Nāsadiyasukta

From Hindupedia, the Hindu Encyclopedia

By Swami Harshananda

Sometimes transliterated as: Nasadiyasukta, NAsadiyasukta, Naasadiyasukta


Origin of Creation

How exactly the creation of this world came into existence has been a knotty question to be satisfactorily answered by the puny human intellect which is a product of the whole process. The effect cannot discover its cause just as we cannot see our own back. However, we can see our back provided we use two mirrors, one at the back and the other in our front, properly adjusted. Similarly, if we can judiciously use the knowledge of the Śruti[1] to back up our intellect and be guided by the sayings and doings of the ṛṣis, persons of intuitive or super conscious,[2] experience, we can succeed in getting some glimpses of the secrets of creation that will ultimately help us in reaching the final goal of our life. Study of selected parts of the Vedas like the Nasadiyasukta is a great aid in this endeavor of ours to attain perfection.

Origin of Nāsadiyasukta

The Nāsadiyasukta is a part of the Ṛgveda.[3] Prajāpati Parameṣthī is said to be the ṛṣi[4] to whom it was revealed. Paramātmā or God, the Creator, called ‘Bhāvavṛttam’ by Sāyaṇa, the commentator is referred as the devatā or the deity. Triṣṭubh is the meter in which it is composed.

Content of Nāsadiyasukta

This is a wonderful and highly poetic hymn that describes what existed before creation and how creation came about. The Sukta begins with an account of what existed before creation. Since religion posits a cyclic theory of creation three phenomenon applies to all the cycles, they are:

  1. Sṛṣṭi - creation or evolution
  2. Sthiti - sustenance
  3. Pralaya or laya - destruction or involution

Theory of Creation as per Nāsadiyasukta

The Brahman of the Upaniṣads or God of religion existed by himself. There was deep blinding darkness everywhere. However, that One, Brahman, through intense tapas of self-reflection or profound thinking he transformed into this world through his own will power. Actually the desire to create arose in him due to the ‘seed’ in his mind of the unmanifested karmas of the beings carried over from the previous cycle. The ṛṣis or sages possessing transcendental or intuitive wisdom discovered this secret.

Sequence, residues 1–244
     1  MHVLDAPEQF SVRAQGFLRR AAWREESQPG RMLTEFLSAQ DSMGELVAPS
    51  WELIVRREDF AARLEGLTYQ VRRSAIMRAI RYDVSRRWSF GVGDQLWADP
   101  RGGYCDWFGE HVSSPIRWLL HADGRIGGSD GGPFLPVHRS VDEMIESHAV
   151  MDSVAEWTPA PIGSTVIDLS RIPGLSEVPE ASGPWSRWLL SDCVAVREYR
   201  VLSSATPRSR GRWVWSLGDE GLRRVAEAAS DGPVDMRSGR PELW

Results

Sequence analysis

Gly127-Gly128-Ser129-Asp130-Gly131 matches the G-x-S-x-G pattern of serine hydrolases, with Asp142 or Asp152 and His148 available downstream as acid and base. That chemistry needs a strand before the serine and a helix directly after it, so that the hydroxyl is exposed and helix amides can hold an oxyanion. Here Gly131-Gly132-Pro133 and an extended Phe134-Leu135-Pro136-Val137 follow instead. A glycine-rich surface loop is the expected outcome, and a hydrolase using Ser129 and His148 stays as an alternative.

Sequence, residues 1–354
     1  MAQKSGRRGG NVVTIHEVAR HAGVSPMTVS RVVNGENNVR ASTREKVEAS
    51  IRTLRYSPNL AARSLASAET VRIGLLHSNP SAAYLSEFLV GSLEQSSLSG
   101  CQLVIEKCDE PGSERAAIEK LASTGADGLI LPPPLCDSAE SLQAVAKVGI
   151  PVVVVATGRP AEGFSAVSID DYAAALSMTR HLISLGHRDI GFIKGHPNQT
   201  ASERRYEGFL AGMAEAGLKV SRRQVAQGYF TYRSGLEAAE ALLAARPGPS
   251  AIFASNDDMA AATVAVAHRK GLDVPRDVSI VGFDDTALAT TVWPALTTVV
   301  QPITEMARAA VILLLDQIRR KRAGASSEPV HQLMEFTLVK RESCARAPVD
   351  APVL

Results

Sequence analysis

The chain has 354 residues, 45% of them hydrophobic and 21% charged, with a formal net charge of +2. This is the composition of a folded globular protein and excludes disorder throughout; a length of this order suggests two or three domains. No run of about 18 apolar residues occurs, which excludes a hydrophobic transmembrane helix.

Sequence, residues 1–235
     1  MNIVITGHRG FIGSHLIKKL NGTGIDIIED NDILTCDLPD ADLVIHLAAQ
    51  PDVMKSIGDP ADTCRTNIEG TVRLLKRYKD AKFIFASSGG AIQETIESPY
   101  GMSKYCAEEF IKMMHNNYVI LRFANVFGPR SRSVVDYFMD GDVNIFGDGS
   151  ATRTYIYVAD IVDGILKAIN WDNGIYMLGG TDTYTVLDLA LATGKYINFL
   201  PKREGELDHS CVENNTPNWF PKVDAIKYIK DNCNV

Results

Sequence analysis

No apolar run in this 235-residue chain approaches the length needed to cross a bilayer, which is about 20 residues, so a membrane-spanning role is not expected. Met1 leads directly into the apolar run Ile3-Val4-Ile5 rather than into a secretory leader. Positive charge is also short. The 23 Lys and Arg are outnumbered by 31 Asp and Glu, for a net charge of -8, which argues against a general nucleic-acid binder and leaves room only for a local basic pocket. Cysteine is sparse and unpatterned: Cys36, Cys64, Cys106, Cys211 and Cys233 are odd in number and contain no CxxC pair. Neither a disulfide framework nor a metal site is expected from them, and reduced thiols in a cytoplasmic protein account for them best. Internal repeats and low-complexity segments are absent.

As Brahman willed the evolution of this world, the inanimate[5] and the animate[6] objects got manifested. Animated objects are superior to the inanimate ones. This evolution went on continuously, producing not only the pañcabhutas[7] but also the devas.[8] However, this process how the One became many still remains a mystery even to the devas, since they also came afterwards. Brahman not only created this world out of his free will but also sustained it. No body else could have done it. The whole secret of creation is known only to him. This is the gist of the whole Sukta.

References from Nāsadiyasukta

This hymn propagates a very advanced theory of creation which is developed later in the Upaniṣads also.[9][10][11][12]

It is interesting and even puzzling to note that the sage to whom this Sukta was revealed, has used quite a few mutually contradictory words and phrases. For instance, he says:
There was then neither what is (sat) nor what is not (asat)... There was no death (mrtyu) and hence nothing immortal (amrta). There was no night (rātri) nor day (ahan).

The only explanation that can be offered for the use of apparently contradictory terms is that in the beginning there was only the One (tat) and there was no second person or object. Then only the comparative statements are possible.

References

  1. Śruti are the Vedas.
  2. It means the spiritual.
  3. Ṛgveda 10.129.1-7
  4. It means the sage.
  5. It refers to various objects.
  6. It means the jīvas or the living beings.
  7. Pañcabhutas are the five primordial elements.
  8. Devas are the gods who exercise control over the five primordial elements.
  9. Taittiriya Upaniṣad 3.7
  10. Chāndogya Upanisad 6.2.1
  11. Mundaka Upanisad 1.1.9
  12. Aitareya Upanisad 1.1.1
  • The Concise Encyclopedia of Hinduism, Swami Harshananda, Ram Krishna Math, Bangalore